Rejecting claims that student “hecklers” can silence patriotic speech, The Rutherford Institute has asked the U.S. Supreme Court to review and reverse a lower court ruling that declared it unsafe for California public school students to wear American flag t-shirts to school. In a reply brief filed with the Supreme Court in the case of Dariano v. Morgan Hill, in which several students were ordered by school officials to cover up their American flag t-shirts on May 5, 2010, allegedly because officials feared that other students celebrating the Mexican holiday Cinco de Mayo would be offended, Rutherford Institute attorneys argue that the school should not have censored the pro-American speech but should instead have controlled any unruly students.
The Rutherford Institute’s reply brief in Dariano v. Morgan Hill is available at www.rutherford.org.
“There are all kinds of labels being put on so-called ‘unacceptable’ speech today, from calling it politically incorrect and hate speech to offensive and dangerous speech, but the real message being conveyed is that Americans don’t have a right to express themselves if what they are saying is unpopular or in any way controversial,” said John W. Whitehead, president of The Rutherford Institute and author of A Government of Wolves: The Emerging American Police State. “Whether it’s through the use of so-called ‘free speech zones,’ the requirement of speech permits, or the policing of online forums, what we’re seeing is the caging of free speech and the asphyxiation of the First Amendment.”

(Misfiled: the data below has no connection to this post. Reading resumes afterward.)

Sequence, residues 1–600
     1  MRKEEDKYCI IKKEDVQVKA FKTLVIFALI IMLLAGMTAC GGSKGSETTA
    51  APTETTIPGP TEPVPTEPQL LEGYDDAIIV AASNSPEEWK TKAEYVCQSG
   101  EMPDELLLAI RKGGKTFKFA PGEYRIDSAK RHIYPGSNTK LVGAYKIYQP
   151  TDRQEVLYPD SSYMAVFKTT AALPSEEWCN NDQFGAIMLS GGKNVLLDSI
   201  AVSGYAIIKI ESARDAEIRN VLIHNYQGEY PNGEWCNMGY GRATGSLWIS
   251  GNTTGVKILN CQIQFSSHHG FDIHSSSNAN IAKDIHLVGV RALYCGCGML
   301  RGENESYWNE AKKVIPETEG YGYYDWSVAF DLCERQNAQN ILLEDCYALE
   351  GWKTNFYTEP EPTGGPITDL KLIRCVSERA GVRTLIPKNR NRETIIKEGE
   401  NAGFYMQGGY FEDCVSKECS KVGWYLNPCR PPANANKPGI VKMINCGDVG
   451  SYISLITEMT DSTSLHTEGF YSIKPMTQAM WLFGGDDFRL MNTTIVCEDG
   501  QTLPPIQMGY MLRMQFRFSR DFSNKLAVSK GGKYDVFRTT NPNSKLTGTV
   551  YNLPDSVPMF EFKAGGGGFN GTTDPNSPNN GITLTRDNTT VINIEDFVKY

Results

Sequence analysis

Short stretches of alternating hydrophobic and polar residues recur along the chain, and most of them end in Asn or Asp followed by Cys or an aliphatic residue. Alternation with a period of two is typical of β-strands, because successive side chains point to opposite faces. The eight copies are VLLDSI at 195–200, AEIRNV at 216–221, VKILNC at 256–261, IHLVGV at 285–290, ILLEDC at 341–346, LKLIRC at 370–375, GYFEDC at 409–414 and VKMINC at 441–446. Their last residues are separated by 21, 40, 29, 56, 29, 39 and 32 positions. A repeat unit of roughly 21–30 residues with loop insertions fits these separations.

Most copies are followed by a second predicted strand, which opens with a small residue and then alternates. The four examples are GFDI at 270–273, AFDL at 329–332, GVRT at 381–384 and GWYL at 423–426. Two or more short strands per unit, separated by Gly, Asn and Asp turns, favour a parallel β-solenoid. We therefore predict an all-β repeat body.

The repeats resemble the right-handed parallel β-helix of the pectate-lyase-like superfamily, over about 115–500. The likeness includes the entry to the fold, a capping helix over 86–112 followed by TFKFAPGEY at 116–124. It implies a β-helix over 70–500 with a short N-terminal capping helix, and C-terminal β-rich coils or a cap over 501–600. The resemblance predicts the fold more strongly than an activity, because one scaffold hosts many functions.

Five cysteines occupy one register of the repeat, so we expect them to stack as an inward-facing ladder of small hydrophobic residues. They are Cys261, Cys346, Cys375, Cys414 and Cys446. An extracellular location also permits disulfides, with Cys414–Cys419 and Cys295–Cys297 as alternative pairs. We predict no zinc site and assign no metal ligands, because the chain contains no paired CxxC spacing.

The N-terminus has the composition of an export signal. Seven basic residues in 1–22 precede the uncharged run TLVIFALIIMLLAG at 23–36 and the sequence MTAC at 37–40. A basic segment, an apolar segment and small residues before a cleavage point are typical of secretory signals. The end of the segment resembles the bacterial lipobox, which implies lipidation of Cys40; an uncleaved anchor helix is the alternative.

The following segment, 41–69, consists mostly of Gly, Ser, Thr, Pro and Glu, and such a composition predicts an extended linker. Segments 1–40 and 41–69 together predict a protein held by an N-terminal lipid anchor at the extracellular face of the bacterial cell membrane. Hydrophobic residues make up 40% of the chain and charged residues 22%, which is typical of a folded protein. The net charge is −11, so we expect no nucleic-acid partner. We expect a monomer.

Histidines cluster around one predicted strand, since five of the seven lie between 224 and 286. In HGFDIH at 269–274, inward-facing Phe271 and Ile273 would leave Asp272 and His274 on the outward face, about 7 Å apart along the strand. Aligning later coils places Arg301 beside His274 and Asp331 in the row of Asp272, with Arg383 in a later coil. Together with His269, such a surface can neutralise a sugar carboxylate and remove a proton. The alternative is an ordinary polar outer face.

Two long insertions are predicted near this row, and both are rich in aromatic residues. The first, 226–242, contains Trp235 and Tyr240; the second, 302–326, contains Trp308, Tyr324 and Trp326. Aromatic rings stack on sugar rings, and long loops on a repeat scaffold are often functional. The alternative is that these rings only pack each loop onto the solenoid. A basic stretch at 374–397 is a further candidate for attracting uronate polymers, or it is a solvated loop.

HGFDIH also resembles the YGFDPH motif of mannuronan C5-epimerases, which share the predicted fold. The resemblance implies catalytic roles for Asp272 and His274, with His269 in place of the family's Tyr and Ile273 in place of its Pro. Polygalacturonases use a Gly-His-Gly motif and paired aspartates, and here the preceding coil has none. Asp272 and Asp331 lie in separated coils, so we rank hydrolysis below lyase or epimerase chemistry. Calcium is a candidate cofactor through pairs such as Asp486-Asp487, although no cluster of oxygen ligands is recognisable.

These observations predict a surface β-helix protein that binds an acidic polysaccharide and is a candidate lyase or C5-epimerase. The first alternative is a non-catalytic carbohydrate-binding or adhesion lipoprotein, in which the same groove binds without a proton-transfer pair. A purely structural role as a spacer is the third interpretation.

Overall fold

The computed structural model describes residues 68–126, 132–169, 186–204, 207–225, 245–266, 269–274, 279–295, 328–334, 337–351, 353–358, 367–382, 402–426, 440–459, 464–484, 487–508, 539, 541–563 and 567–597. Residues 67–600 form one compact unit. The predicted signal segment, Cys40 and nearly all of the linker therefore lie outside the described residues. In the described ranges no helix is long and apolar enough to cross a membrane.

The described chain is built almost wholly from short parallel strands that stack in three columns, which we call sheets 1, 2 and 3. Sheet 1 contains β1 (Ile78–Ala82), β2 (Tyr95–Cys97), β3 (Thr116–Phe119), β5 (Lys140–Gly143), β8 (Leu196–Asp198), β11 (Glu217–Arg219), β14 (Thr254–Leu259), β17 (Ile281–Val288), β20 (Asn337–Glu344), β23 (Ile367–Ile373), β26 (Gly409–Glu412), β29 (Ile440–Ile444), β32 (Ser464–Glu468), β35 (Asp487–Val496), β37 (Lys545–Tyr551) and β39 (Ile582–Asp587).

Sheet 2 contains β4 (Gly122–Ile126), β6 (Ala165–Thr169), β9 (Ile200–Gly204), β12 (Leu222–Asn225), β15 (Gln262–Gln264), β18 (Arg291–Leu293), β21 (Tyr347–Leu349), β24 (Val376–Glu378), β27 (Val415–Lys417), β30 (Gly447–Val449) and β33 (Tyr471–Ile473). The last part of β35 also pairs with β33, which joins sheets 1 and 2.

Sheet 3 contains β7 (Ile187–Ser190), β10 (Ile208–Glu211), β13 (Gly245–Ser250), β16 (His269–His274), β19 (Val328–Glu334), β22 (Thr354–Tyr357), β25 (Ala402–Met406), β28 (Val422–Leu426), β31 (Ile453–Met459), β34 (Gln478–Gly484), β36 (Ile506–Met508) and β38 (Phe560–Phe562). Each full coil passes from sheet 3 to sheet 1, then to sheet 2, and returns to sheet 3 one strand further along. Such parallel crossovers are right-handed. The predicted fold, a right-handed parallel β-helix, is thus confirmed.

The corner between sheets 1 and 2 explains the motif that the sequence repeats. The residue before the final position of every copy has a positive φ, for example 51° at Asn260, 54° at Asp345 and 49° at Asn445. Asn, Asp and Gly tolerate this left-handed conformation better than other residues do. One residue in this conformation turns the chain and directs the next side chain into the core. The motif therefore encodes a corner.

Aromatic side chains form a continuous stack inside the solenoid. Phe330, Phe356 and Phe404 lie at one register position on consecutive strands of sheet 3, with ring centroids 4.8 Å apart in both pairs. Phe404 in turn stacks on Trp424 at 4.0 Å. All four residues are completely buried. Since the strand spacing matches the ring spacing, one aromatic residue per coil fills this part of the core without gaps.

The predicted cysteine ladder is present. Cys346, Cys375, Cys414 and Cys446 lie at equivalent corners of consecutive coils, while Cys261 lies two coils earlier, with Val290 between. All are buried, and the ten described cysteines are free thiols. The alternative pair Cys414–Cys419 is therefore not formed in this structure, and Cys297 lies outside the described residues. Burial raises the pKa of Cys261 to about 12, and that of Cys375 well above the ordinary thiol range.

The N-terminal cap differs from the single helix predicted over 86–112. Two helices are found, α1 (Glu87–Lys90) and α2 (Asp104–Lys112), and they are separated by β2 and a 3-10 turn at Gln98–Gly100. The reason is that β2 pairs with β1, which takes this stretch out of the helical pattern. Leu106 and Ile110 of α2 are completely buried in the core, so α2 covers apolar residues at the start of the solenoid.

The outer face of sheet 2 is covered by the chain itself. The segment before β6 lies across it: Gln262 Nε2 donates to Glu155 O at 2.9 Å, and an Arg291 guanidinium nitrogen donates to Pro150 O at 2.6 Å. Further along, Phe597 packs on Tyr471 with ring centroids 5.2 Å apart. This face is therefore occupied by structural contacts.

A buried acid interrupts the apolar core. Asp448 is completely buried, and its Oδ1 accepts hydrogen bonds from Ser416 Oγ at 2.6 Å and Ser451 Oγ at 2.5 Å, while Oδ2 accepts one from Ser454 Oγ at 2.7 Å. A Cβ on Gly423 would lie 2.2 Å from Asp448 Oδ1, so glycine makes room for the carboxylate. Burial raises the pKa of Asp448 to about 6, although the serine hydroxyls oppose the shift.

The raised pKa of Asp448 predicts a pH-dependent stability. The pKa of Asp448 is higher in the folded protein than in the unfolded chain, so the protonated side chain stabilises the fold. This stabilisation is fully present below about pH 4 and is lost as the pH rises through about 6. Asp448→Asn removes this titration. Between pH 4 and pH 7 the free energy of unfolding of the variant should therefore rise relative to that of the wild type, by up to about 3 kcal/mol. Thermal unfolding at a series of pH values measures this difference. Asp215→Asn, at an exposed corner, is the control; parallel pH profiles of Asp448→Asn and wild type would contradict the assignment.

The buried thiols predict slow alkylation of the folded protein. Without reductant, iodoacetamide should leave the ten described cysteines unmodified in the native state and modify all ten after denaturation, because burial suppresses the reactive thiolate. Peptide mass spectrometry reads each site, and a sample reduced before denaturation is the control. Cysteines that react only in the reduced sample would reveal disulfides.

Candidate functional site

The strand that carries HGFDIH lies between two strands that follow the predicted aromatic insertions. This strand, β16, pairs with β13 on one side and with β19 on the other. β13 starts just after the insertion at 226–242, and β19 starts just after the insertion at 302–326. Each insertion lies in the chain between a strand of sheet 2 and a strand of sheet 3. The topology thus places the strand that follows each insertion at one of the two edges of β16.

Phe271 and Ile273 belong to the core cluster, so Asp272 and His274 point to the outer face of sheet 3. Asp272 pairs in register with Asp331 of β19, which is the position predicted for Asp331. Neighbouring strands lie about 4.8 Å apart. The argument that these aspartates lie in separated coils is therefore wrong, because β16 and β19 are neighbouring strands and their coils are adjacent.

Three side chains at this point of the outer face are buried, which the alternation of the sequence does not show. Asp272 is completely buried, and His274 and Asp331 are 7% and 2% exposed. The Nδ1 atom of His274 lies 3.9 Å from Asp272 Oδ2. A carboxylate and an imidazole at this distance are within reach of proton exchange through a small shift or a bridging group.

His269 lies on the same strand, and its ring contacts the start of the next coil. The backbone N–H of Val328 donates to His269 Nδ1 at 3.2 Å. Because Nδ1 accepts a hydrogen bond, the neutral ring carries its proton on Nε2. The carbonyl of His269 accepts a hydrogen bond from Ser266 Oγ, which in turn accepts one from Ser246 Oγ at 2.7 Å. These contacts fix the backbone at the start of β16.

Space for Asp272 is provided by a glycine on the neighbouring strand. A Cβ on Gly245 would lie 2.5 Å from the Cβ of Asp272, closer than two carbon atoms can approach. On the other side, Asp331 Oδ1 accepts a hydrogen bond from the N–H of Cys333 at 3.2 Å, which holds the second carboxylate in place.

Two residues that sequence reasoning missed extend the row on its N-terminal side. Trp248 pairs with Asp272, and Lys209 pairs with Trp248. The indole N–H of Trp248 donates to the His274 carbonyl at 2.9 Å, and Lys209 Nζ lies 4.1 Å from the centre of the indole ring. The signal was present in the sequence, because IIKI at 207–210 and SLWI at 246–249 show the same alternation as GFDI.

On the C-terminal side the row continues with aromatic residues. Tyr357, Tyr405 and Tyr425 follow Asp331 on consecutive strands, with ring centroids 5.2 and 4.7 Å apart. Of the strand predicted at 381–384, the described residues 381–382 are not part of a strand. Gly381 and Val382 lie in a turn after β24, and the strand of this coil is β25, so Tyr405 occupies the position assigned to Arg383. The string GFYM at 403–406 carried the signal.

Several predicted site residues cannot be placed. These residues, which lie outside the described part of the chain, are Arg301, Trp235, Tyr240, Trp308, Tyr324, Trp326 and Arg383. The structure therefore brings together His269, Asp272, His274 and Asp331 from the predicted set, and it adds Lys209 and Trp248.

On May 5, 2010, three Live Oak High School students wore patriotic t-shirts, shorts and shoes to school bearing various images of the U.S. flag. During a mid-morning “brunch break,” the students were approached by Assistant Principal Miguel Rodriguez, who told the students they could not wear their pro-U.S.A. shirts and gave them the option of either removing their shirts or turning them inside out. The students refused, believing the options to be disrespectful to the flag. Rodriguez allegedly lectured the group about Cinco de Mayo, indicating that he had received complaints from some Hispanic students about the stars and stripes apparel, and again ordered that the clothing be covered up to prevent offending the Hispanic students on “their” day. Principal Nick Boden also met with the parents and students and affirmed Rodriguez’s order, allegedly because he did not want to offend students who were celebrating Cinco de Mayo.
Arguing that the decision by school officials constituted viewpoint discrimination against pro-U.S.A. expression, Rutherford Institute attorneys filed suit on behalf of the students and their parents seeking a declaration that the action violated the First Amendment and injunctive relief against a vague school district policy allowing prior restraints on speech to be imposed upon students. The lawsuit asserted that school officials violated the students’ rights to Free Speech under the First Amendment, and their Due Process and Equal Protection rights under the Fourteenth Amendment. In November 2011, the district court ruled in favor of school officials, citing a concern for school safety. That ruling was affirmed by the Ninth Circuit Court of Appeals in February 2014, which ruled that school officials could forbid the American flag apparel out of concerns that it would cause disruption, even though no disruption had occurred. Three of the nine judges on the Ninth Circuit agreed with The Rutherford Institute that school officials violated long-standing Supreme Court precedent forbidding suppression of protected expression on the basis of a “heckler’s veto,” which occurs when the government restricts an individual’s right to free speech in order to maintain order.
Affiliate attorney William J. Becker is assisting The Rutherford Institute in its defense of the students.
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